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Resident Evil: Retribution Review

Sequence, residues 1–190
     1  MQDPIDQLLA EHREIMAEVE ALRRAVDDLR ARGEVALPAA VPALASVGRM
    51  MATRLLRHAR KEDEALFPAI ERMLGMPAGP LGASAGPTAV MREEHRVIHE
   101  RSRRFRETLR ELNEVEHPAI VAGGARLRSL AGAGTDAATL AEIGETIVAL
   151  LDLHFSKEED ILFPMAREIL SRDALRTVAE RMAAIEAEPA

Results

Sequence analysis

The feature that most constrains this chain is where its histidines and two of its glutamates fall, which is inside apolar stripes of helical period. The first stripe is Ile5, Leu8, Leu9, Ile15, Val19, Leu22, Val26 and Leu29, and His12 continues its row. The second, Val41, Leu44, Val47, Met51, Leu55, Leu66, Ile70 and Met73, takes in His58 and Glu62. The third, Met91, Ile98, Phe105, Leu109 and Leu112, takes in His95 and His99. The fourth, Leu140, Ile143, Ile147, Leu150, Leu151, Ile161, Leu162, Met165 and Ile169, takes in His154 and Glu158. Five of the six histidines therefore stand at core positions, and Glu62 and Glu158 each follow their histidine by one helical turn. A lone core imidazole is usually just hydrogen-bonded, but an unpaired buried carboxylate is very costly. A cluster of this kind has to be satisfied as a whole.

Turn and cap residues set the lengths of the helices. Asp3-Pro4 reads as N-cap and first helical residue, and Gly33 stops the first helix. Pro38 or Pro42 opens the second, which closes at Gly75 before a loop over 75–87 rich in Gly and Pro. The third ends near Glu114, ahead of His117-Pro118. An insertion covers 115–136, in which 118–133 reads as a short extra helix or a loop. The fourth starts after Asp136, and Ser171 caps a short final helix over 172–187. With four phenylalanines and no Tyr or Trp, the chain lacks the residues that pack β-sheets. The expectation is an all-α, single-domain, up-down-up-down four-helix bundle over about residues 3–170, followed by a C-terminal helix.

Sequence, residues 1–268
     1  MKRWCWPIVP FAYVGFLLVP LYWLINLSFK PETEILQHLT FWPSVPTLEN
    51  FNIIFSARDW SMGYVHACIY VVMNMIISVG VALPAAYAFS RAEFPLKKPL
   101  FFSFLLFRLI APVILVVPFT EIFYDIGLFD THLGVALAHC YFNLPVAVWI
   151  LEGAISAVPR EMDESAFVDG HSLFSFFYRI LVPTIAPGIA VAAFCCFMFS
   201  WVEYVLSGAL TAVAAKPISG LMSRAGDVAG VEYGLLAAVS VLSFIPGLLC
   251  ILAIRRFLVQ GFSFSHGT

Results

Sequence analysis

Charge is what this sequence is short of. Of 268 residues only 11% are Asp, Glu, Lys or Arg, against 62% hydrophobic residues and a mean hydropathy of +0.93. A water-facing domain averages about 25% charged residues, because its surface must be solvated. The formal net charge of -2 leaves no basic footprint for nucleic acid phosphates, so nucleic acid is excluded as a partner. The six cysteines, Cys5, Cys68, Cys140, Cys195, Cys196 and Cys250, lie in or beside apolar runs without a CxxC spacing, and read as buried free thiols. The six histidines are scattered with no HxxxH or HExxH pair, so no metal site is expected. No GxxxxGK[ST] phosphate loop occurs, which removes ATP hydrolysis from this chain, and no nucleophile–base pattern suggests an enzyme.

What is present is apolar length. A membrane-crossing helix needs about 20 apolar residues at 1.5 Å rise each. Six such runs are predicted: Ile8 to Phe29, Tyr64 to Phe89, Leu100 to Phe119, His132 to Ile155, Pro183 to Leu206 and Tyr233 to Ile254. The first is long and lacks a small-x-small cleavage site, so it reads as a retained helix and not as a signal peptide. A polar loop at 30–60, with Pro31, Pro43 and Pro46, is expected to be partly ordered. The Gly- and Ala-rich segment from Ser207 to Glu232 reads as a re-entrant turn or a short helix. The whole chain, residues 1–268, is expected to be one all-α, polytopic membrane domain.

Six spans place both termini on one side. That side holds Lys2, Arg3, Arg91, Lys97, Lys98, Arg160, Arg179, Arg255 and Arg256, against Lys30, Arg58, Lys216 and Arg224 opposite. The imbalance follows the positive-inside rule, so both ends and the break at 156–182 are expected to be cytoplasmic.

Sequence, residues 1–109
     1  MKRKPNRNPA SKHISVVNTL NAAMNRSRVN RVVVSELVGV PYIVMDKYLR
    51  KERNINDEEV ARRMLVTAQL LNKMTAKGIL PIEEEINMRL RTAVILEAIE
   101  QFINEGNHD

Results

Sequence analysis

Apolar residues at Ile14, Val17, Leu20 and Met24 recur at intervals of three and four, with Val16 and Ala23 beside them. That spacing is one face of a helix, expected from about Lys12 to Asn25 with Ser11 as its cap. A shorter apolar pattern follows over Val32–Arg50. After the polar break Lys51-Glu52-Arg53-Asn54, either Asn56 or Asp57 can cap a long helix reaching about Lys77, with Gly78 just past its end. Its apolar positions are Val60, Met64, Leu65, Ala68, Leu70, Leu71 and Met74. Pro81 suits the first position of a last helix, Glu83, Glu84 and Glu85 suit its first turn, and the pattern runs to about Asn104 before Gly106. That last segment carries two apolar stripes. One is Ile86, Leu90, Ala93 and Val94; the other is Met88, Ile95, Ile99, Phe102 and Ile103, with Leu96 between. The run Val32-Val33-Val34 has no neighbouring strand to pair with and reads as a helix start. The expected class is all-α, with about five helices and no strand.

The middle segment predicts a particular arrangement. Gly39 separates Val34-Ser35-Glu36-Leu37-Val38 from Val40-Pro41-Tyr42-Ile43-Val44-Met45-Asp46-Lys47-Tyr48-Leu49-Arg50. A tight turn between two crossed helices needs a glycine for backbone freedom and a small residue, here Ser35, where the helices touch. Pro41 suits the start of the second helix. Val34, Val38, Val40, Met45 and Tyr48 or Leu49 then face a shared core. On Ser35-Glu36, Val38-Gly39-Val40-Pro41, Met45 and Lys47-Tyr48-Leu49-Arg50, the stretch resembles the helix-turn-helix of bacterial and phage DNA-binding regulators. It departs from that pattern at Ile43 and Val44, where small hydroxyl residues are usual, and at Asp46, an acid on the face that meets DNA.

Max's Rating: 6/10 Player Affinity Composite Rating: 4.0/10 (2 reviews total) Poor Paul W.S. Anderson. with Paul Thomas Anderson releasing The Master this week, he's been getting the collective "Oh, the other Anderson" look around town. He's no auteur, but when you need a video game adaptation done for profit, call W.S. Anderson — at least until the genre gains some form of credence. His Resident Evil films are the nearest we're going to get to a proper (a word I use very loosely) adaptation of a revered game series. Given how much of a mess Resident Evil: Afterlife was, he'd be hard-pressed to do worse, and mercifully, Retribution is an improvement. Not a massive step forward, but much more watchable than it's predecessor, and arguably the best of the bunch since the original. The premise of Retribution is relatively simple and a touch clever. The marketing has screamed "Evil Goes Global" and to an extent it's true, though it's all fake (you'll see). The T-Virus, designed and created by the Umbrella Corporation, has taken the planet by storm. Unfazed, Umbrella (now ruled by the Red Queen) has developed the Las Plagas virus, a virus with similar regenerative properties to the T-Virus, that allows the undead greater functionality with weaponry and enhanced abilities. Former Umbrella operative Alice (Milla Jovovich) and her merry band of rogues have fought Umbrella tirelessly, but eventually Alice is captured (again) and sent to Umbrella Prime for interrogation and torture at the hands of former ally Jill Valentine (Sienna Guillory). Untold time passes before Alice is sprung from captivity thanks to the actions of Ada Wong (Li Bingbing), a spy and associate of Albert Wesker (Shawn Roberts), the former head of Umbrella. With both Wong and Wesker claiming their days with Umbrella are over, Alice has no choice but to accept their help in escaping the compound — and the army of undead monsters it holds — before time runs out. Make no mistake, Retribution is as much of a mess as its predecessors, at least in so much as the pacing (notably in the first 30 of a 95 minute run time). I don't know why Anderson insists each of the Resident Evil movies has to have a recap of the past entries; nobody going to the fifth Resident Evil film needs to be told what happened. If we've stuck it out this long—we know. Despite the rocky pacing in the first chunk of the film, props have to be given to Anderson and film composers tomandandy: they know how to open a Resident Evil movie in style. The location is a big throwback to the original film's Hive complex, only 10 times bigger. Less confined than the Hive, Umbrella Prime is an experimental training ground to reenact the earliest of the T-Virus outbreaks around the world, housing full-scale stages of New York, Tokyo and Moscow. This setup is the most "video game" of any Resident Evil movie and while some may roll their eyes, it can also cause a smile to any gamer in the audience. There are several "levels" Alice must break through, each with their own setup and bosses. It's pure gaming and the fact that Retribution doesn't shy away or apologize for this makes it less groan-inducing and more a tribute to those that got Anderson, Jovovich and company to this point. The action is vastly improved since Afterlife, likely because Retribution has actual action in it. Gone are Alice's little video diaries and global wanderings. She has one clear path to follow and kills a lot of monsters in the process with a greater sense of style than past films. Being Alice, the laws of physics do not apply to her (the flips she can do!), despite having her "powers" taken away at the start of Afterlife. It's all for our benefit as Anderson gives the audience what they've been asking for: stylized, bombastic action that isn't quite The Matrix but well above Underworld. As 3D is heavily featured in the film's marketing, you can expect a lot of the "3D shots" of axes, bullets and blood coming at the screen, but this is hardly a distraction in a 2D showing. Standout sequences include a chase through Moscow (R.I.P. Rolls Royce) and a hallway fight involving a bike chain with one big-ass lock. You're not going to a Resident Evil movie for the acting, but suffice to say it is especially atrocious this time around. Seriously. Anderson is not an actor's director. The line readings are just that — line readings without emotional reactions, timbre or believability. One exchange between Leon S. Kennedy (Johann Urb) and Alice is laughably bad; you'll know it when you see it. Again, you don't expect good acting in such a movie, but it would've been great if there were at least an honest effort made. Anderson can stick to directing these films, but it'd be grand if someone else took over script duties. While the acting isn't great, the addition of the new characters doesn't bog Retribution down like it did Afterlife, even if the return of Michelle Rodriguez and Oded Fehr is tacked on for little reason other than to say "the gang's all here." Guillory is particularly flat here, but we'll forgive her as she spends most of the film under mind control. We only forgive because she gets to kick a fair amount of ass in her own style, certainly more than she got to do in Resident Evil: Apocalypse. Wong, like any new addition to this series, doesn't get much to do but she doesn't just take up space like (absent) Claire and Chris Redfield were known for. Leon (horrible line readings aside) comes across as likeable enough we want him to live(ish). Neither of they or their complicated in-game relationship get a chance to show some form of character until the film's very end, but given the ending of the film we wouldn't count them out just yet. Make no mistake, Retribution is all about Alice, though it doesn't tell us anything about her we don't already know. She's a badass — that's pretty much it. One new addition to note that drove me crazy is a young girl called Becky. I've said it since Apocalypse: kids do not belong in Resident Evil movies. There. I'm moving on now. Overall, if you're a fan of the films, Retribution will likely make you happy and stand out as the best entry to come along since the first film, pacing issues and bad acting aside. If you're not a fan, it's a safe bet this one won't win you over. Retribution wastes little time, delivering on the set-piece action lacking in the series. More importantly, Alice is still badass, and naturally there's an open ending that teases fans that her craziest days might still be ahead of her. Rating: 6/10 Simon thought: "Alright, folks, time to wrap this franchise up. After the tasty B-movie morsels that were the first two instalments in the Resident Evil canon, things hit a limp low with Afterlife and now they’re gone and plunged into the dark, sulphur-enveloped bowels of hell for their fifth installment. Failing even as high camp, Retribution is simply devoid of a script, offers choppily edited action sequences, utterly atrocious acting (even from series regulars who seemed to be having fun with the schlock early on in the series) and stolen material from both other (superior) horror films and early Resident Evil films. Slogs as tough as this are hard to come by. My name is Simon. I don’t care anymore." Rating: 2/10